Minnesota Department of Natural Resources Conservation Officers Bust Illegal Snaring Activities…

Gray wolves are a protected species listed as threatened under the Endangered Species Act in Minnesota. Two men face multiple charges for snaring protected Gray wolves.


DULUTH — A three-year investigation of illegal snaring in Itasca County has led to dozens of charges against two central Minnesota men accused of taking seven wolves, two black bears and numerous deer.

Brad Allen Dumonceaux, 43, and Stephen Gerard Bemboom, 60, both of Foley, Minn., each face 67 counts in State District Court in Grand Rapids.

Criminal complaints issued late last week accuse the men of setting and neglecting the illegal snares which were discovered by a forester in northwestern Itasca County.

Minnesota Department of Natural Resources conservation officers documented the kills and set up cameras in the area to capture Dumonceaux and Bemboom later removing the animals, according to the complaints.

Authorities said the men did not possess proper permits for the big-game kills, and the seven wolf deaths all came after a December 2014 ruling putting the animals under Endangered Species Act protection. Additionally, state law requires that snare lines be checked daily.

The charges range from petty misdemeanors to gross misdemeanors, which can carry jail time, and the state is seeking $5,300 in restitution from the men. They have been summoned to appear in court on May 21.

According to the complaints:

Conservation officer Randy Patten was altered to multiple wolves found in snares on public land in the Alvwood area on April 29, 2015. The forester lead Patten to a bait site where he found three dead wolves and another that had to be put down due to poor health.

Also found in the area were “rib cages and other bones from what appeared to be more than 30 butchered whitetail deer.”

Patten found three additional snares that had been set, each in excess of the 10-inch limit set by state law and lacking required identification tags. He collected one snare for evidence and closed the other two.

Patten and fellow conservation officer Jayson Hansen returned five days later, finding that each of the four wolves had been removed from the snares and hidden under a tree. Additionally, the two snares that were closed by Patten had been removed.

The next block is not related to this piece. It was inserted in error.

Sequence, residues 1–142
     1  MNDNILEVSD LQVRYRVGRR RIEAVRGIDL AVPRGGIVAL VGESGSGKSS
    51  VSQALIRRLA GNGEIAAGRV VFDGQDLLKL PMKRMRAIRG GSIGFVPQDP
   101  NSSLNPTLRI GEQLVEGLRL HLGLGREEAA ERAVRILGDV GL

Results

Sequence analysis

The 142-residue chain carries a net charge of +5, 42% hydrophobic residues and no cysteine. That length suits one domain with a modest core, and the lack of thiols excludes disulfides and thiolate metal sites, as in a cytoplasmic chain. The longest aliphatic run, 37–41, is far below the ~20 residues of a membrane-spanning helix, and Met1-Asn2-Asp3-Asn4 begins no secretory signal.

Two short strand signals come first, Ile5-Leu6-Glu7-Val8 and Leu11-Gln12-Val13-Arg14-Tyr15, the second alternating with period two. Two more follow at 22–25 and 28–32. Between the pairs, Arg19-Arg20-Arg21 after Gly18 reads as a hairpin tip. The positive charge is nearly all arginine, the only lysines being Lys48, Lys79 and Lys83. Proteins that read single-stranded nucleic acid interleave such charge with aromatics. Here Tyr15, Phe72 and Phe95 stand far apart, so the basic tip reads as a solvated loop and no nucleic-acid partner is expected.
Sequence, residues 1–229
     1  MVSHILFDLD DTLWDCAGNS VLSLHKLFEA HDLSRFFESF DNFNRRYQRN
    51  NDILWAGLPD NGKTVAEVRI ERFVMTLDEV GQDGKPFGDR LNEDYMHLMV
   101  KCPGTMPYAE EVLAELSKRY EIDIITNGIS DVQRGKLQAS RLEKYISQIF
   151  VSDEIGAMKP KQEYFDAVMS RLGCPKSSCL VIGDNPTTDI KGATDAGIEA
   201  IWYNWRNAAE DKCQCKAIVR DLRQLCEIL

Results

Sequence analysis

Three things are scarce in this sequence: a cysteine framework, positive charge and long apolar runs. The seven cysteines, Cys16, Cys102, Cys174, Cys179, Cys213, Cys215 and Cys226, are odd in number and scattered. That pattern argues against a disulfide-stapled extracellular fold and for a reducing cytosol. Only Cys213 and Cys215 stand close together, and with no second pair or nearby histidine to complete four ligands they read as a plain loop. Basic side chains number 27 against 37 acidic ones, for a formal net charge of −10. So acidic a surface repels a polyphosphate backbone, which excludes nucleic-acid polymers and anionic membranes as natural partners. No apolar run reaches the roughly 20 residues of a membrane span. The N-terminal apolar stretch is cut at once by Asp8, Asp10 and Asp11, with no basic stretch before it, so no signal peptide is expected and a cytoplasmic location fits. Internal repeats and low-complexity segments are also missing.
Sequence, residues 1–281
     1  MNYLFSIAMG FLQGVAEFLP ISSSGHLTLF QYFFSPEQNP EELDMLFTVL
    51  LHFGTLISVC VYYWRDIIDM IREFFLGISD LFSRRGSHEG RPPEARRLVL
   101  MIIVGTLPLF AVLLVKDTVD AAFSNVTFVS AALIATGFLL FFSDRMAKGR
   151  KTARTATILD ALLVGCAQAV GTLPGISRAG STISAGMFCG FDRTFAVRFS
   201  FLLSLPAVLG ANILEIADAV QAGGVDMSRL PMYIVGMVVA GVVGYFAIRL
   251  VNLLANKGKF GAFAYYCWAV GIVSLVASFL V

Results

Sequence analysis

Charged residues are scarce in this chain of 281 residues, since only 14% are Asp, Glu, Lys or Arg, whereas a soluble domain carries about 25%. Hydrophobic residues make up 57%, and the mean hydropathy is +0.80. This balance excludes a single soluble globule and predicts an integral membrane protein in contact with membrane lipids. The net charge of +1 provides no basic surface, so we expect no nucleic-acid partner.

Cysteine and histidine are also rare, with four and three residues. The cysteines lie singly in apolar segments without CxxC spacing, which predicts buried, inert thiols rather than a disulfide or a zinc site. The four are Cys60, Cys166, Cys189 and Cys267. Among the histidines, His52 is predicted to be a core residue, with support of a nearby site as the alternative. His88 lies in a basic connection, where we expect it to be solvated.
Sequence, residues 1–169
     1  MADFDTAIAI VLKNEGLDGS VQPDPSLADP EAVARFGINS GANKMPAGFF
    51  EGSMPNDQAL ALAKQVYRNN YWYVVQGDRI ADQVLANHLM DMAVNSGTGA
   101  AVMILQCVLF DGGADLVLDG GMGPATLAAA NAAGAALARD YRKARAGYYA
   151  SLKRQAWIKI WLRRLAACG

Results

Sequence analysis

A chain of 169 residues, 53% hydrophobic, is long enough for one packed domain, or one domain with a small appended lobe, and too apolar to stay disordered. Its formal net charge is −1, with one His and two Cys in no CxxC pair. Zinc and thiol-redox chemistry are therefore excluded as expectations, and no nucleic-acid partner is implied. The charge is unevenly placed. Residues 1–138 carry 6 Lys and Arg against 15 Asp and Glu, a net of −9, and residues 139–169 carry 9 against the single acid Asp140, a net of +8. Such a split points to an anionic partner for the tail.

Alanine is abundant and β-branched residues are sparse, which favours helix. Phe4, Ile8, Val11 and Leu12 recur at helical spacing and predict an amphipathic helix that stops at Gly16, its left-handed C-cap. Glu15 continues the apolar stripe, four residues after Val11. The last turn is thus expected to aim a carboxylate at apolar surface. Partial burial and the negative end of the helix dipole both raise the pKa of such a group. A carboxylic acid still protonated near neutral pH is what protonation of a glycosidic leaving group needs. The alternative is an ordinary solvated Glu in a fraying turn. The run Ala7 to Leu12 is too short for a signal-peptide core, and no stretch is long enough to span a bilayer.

While on scene, the conservation officers discovered a deer that had died in a snare. Also found was a beaver that had been shot in the head but not reported to the DNR as required.

Patten later set up two cameras and made several trips to the bait site over the course of more than a year. By June 2016, he discovered six additional snares containing two additional dead wolves. One of the cameras had malfunctioned, and the new snares were apparently set after the second camera’s memory card had become full.

In February 2017, Patten returned to the site, finding a second snared deer and checking the cameras. On the memory cards, he reported finding images of Dumonceaux and Bemboom placing and resetting the snares on November 27, 2016. Patten knew both men from previous contacts, as Dumonceaux owns a cabin less than a mile away.

The surveillance continued, with Patten finding photos of additional visits by the two men in February and March 2017. On April 6, the conservation officer found a seventh dead wolf at the site, along with four additional snares that had been set. A dead coyote, which is unprotected in Minnesota, also was located around that time.

On May 18, 2017, Patten and Lt. Jeff Koehn found two black bears — a sow and its cub — dead in separate snares. A review of the cameras found that the defendants had not been on site since March 12, and that the sow had been captured by a paw and lived for at least 19 days before dying.

No further human activity was observed at the site over the next 11 months. In early April 2018, conservation officers obtained a search warrant for Dumonceaux’s property and confronted the two men.

Dumonceaux agreed to speak, admitting to setting the snares and not having checked them in nearly a year. When informed that he would be charged criminally, Dumonceaux replied, “Well, I got it coming.”

Dumonceaux reportedly asked why the investigation had taken so long and why the conservation officer had not called earlier to tell him to “knock that (expletive) off.” Patten explained that he could not be sure that it was them, or that they would cooperate with the investigation, making it necessary to gather additional evidence.

“My stomach’s sick,” Dumonceaux allegedly said as the conservation officer outlined his documentation. “Feel like I’m gonna cry. I’m (expletive) shaking, man.”

Bemboom also admitted to failing to check the snares daily, but officers said he repeatedly attempted to minimize his actions. He initially claimed that only coyotes had been trapped, but later claimed he was aware of two wolves that had been removed from the snares. He claimed to have no knowledge of the additional wolves or of the bears or deer.

Authorities said the claims were contradicted by the surveillance images, which showed Dumonceaux and Bemboom to be together each time the cameras captured human activity at the site.

Bemboom was convicted in 2016 of failing to tend to a trap in Becker County in western Minnesota. According to the citation in that case, Bemboom admitted that he and Dumonceaux neglected a trap where conservation officers found a bloated and decomposed beaver.

2 Replies to “Minnesota Department of Natural Resources Conservation Officers Bust Illegal Snaring Activities…”

  1. Great start, but it’s just not enough to punish these sick individuals who commit these horrific crimes of suffering against these poor innocent souls.

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